That’s almost half a century.
We’re talking a span of time that included numerous wars, Black Monday, ever-changing politics, 9/11, and the Great Recession.
And it’s not like the US healthcare system hasn’t changed over the last 44 years.
Yet Walgreens Boots Alliance kept on pumping out an increasing dividend.
The ten-year dividend growth rate stands at an impressive 15.0%, but I do think that’s somewhat misleading.
More recent dividend raises have been modest. There’s been an obvious deceleration in dividend growth.
For example, the most recent dividend increase was approximately 4.0%.
But with a payout ratio of 36.0%, there’s still plenty of room for the company to increase the dividend for years to come – even absent much profit growth.
That comes with a market-beating yield of 3.36%.
This yield, by the way, is more than 140 basis points higher than the stock’s own five-year average yield.
Of course, investors are more interested in where a company is going than where it’s been.
We invest in the future.
While almost 50 years of dividend raises does say a lot about the company’s wherewithal and willingness to pay a growing dividend, it’s even more important to gauge where the company and its dividend are going to be in the future.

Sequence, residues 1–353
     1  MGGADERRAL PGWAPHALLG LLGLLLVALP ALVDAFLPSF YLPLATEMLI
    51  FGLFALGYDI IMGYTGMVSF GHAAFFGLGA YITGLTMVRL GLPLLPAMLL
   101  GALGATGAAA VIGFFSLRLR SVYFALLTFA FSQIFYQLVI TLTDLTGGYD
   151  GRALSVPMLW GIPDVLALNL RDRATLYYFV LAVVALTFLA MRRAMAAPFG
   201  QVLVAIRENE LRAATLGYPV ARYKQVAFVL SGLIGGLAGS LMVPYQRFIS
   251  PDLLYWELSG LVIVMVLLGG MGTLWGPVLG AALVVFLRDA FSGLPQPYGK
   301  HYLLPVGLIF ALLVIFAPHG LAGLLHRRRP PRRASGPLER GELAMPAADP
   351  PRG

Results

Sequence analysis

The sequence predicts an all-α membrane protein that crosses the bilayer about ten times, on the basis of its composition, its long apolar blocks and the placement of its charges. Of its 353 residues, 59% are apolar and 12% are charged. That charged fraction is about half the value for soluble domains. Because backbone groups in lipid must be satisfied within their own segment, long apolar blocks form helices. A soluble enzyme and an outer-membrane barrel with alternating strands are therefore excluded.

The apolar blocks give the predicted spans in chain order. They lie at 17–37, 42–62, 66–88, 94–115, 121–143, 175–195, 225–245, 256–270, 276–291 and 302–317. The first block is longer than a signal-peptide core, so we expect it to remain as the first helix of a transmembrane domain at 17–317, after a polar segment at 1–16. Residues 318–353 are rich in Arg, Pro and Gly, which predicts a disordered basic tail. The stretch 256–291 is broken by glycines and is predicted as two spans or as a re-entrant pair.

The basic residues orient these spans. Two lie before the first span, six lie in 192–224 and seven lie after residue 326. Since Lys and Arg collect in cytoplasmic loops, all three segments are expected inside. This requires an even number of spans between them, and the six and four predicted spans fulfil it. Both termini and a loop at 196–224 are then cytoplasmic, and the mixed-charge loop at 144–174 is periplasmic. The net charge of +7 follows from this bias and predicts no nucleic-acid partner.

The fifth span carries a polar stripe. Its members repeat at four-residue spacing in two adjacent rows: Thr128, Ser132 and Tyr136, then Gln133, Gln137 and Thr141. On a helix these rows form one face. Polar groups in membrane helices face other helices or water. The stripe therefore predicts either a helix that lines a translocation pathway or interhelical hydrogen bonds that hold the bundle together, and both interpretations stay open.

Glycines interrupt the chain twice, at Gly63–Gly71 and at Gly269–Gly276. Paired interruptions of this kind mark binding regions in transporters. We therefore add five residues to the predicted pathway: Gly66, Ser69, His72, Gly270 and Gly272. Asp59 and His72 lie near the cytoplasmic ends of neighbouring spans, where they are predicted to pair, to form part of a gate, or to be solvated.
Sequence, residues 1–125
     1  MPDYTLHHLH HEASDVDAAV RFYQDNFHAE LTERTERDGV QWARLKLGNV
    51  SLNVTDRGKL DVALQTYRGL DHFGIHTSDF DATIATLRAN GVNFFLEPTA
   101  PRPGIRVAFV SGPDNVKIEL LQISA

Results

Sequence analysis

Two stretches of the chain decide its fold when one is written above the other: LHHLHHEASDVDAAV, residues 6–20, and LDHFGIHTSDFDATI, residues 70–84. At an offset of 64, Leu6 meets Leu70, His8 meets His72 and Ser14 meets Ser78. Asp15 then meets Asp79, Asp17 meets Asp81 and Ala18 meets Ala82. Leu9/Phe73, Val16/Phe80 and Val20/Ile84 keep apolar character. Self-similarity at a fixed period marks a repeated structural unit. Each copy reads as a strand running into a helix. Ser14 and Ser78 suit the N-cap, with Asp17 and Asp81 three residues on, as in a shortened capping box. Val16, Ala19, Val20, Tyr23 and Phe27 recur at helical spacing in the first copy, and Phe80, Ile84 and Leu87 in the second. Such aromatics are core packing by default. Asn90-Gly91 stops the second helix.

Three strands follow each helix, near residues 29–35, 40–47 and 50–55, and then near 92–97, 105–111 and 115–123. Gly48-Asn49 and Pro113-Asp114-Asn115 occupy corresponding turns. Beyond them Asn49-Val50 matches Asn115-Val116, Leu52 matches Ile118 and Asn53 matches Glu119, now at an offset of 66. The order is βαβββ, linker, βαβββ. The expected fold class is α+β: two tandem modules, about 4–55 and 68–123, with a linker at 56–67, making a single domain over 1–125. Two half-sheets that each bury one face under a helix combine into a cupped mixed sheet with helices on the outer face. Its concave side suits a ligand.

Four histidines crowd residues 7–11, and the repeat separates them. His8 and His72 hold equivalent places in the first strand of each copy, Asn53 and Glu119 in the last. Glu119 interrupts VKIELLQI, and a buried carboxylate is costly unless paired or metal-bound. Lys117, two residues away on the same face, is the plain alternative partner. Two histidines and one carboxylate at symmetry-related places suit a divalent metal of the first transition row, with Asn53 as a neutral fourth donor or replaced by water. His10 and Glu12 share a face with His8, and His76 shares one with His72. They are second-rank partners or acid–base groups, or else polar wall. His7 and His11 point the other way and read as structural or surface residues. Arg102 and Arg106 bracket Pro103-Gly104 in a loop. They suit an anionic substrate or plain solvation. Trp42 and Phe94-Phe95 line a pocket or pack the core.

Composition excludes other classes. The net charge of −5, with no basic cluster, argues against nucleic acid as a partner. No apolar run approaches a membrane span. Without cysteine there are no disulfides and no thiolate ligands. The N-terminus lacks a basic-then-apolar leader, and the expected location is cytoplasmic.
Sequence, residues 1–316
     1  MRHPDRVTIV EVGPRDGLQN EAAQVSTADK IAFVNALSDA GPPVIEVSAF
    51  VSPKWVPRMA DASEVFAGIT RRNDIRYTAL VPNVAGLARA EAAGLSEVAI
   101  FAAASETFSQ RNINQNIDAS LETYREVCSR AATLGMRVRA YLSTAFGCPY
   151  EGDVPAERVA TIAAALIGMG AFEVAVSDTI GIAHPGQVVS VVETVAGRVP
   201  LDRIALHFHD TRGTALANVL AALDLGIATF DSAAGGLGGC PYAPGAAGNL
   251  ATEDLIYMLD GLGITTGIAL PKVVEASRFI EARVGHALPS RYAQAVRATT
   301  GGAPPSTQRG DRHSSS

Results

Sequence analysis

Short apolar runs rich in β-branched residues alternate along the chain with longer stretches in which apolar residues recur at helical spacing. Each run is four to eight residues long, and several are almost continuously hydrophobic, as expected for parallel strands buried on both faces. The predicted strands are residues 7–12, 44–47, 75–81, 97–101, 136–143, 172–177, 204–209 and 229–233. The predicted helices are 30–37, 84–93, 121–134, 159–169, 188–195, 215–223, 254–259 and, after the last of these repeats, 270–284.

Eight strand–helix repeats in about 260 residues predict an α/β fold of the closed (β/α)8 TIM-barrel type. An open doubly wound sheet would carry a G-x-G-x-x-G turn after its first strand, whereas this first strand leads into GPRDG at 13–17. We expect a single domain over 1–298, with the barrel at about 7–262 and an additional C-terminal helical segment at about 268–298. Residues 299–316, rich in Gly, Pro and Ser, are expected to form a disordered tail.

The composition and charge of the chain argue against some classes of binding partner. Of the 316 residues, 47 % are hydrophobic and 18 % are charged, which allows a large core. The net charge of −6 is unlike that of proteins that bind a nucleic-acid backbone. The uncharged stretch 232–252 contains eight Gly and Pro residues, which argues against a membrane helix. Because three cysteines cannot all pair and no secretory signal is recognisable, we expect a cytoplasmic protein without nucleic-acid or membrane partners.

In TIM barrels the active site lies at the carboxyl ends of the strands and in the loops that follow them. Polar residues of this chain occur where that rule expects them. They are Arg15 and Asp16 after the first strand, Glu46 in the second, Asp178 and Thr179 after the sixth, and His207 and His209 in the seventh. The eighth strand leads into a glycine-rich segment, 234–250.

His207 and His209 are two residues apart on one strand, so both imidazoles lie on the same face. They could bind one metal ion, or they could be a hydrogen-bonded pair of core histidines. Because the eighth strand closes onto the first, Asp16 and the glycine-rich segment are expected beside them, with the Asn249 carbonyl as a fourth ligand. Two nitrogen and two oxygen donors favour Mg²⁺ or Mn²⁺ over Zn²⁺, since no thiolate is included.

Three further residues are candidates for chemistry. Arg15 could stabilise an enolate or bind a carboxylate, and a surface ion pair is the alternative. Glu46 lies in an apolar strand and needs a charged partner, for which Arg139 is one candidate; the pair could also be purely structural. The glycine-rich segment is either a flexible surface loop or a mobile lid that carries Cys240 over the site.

Therefore, I’m going to build out a forward-looking trajectory of growth.
I’ll build this trajectory estimate out by first showing you what Walgreens Boots Alliance over the last decade, using that as a proxy for the long haul.
Then I’ll compare that to a near-term professional forecast for profit growth.
Combining the proven past with a future forecast like this should tell us a lot about where the company might be going.
Revenue is up from $63.335 billion in FY 2009 to $131.537 billion in FY 2018.
That’s a compound annual growth rate of 8.46%.
While impressive, the growth isn’t all organic.
There are a lot of moving parts to account for here.